Much in the same way that me and Jose carefully talk about our projects in Puerto Rico and Guam to each other, I am wary to talk about Reproducing Empire. The discomfort comes not because we are too far apart from each other, or different, but precisely because we are too close to each other. The anxiety derives from an overproximity, and a fear of over identification. In dominant ways of understanding geography, culture and territoriality, Guam and Puerto Rico are as far apart as Habermas and Derrida. But in critical ways of thinking about those very same things, Guam and Puerto Rico become almost obviously and too easily too close (eerily, as I am uneasy and suspicious of the easiness with the belief that Guam and Puerto Rico must be thought of together or as similar, Zizek felt similar uneasy about the union of Habermas and Derrida in 2003 in an attempt to assert Europe’s important etho-political identity in contrast to US hegemony and the Chinese future.). US colonialism connects them, just as Guam connects to the Philippines and Samoa and Hawaii and so on. But when confronted with the intended to be super simple productive statement of “US colonialism, duh!” I always back away cautiously, uncertain about how to proceed. Obviously more must be said about the explicit US colonies in relation to each other, but therein always lies a threat. As sexuality is a form of colonization, as categorization can be a colonization, so can be this sort of easy and obvious alliance. (the re-mapping of the world based on this simple variable, will mask other forms of inequalities, which often come out when I talk to Puerto Rican activists or intellectuals, such as Ramon Grosfugel. Who rearticulates in our newly found brotherhood, the old dynamics of High island and Low island. “Our problems are real and complicated, your problems are simple and easy.”)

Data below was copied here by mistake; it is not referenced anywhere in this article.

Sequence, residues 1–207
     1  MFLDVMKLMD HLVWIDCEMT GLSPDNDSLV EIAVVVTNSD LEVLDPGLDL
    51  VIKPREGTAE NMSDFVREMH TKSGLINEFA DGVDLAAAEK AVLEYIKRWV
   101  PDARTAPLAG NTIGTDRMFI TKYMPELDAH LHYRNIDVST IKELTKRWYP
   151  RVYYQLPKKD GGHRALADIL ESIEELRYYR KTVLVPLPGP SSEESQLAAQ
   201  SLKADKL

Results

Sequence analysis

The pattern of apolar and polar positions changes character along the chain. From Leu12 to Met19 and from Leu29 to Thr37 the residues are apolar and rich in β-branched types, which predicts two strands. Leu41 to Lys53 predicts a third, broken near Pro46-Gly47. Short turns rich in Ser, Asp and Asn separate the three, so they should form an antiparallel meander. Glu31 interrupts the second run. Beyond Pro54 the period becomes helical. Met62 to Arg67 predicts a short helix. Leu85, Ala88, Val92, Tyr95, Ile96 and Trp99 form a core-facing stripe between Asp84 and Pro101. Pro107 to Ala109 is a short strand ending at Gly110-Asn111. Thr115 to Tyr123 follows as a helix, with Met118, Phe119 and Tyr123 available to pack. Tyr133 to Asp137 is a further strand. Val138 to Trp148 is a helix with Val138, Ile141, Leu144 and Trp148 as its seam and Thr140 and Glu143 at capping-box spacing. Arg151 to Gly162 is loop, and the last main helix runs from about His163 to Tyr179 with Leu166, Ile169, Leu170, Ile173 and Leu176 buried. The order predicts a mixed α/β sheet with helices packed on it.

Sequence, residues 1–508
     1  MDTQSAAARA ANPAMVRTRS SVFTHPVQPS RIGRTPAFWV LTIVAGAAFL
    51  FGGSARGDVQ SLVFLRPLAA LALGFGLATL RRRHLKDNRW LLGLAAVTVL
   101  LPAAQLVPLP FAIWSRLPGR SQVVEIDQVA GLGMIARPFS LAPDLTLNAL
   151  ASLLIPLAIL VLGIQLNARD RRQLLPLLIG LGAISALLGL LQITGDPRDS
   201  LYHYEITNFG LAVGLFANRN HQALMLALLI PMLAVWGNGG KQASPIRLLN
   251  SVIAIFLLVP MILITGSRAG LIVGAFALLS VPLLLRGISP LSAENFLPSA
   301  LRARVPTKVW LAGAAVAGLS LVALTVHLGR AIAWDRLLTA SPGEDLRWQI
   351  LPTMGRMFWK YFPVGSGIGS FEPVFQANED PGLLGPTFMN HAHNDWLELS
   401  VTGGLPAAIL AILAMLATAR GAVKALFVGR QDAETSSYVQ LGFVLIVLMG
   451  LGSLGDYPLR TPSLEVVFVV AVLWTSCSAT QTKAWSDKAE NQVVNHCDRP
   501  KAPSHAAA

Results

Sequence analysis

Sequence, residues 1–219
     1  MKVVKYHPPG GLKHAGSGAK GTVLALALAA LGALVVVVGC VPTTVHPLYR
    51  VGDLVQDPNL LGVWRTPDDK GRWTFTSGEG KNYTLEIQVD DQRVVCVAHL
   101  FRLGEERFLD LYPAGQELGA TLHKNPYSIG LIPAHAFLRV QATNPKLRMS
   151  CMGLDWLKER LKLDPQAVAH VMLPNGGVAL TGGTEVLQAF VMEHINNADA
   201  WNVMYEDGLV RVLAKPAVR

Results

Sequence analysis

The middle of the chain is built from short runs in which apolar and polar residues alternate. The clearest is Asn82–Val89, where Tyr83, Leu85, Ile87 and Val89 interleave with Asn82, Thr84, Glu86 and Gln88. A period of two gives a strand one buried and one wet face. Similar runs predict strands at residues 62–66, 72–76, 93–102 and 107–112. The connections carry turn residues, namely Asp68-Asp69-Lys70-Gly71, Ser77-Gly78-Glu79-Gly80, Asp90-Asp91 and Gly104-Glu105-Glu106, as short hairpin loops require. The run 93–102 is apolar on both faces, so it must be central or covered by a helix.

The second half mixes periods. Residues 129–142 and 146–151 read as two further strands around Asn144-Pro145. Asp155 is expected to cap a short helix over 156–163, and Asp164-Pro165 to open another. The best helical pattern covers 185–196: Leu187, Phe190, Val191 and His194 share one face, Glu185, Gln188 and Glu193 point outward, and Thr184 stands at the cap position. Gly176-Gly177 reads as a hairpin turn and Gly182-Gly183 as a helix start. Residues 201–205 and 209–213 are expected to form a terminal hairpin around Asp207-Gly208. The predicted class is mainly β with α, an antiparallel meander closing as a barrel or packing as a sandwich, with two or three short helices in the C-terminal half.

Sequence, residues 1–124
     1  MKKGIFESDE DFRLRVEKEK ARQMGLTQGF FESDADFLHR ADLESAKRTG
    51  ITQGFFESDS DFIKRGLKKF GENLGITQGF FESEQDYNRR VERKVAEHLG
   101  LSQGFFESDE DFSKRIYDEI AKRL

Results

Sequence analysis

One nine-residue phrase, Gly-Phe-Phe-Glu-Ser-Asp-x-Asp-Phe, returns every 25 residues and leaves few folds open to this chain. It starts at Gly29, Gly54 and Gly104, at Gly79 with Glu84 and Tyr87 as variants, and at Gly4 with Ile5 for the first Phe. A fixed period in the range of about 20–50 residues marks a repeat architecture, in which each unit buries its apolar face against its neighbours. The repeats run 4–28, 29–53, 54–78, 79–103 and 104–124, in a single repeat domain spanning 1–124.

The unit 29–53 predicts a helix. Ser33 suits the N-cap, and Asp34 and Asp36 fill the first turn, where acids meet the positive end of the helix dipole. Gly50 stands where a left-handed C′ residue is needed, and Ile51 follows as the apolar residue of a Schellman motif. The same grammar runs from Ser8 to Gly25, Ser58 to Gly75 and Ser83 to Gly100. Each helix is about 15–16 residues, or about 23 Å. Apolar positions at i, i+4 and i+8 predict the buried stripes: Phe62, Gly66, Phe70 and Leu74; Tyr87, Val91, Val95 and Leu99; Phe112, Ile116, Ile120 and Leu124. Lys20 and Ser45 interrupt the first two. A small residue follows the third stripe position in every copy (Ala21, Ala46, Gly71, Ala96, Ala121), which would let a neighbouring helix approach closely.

1. Why does Brigg’s historically situate the crack downs on prostitutes as something started in Britain as opposed to something started in relation to its colonial possessions? In that she, gives the colonizer a position of prior existence, when in reality those discourses on disease and uncleanliness were started in the process of colonization.

2. Can anyone speak without citing Spivak? Why can’t people stop citing her “perennial” “essential” “ground-breaking” “mind-bending” “awe-inspiring” article “Can the Subaltern Speak?” (To paraphrase a quote from baseball player, Yogi Bera, “it’s the most famous article that no one has ever read.”) If anything it has led to the fear that she expressed in a 1987 interview, of what the US academy would do if it latched onto that word, it would lose nearly all meaning or productive power. (although I have to admit, at least Brigg’s discussed what is often the most often forgotten part of that article, and that is its attacks on Delueze and Foucault for locating real knowledge in the subaltern).

3. Why doesn’t Briggs mention Guam? (sniff, sniff) [wiping an invisible tear away from my cheek., and vowing to never mention Puerto Rico when I write my dissertation! hehehe]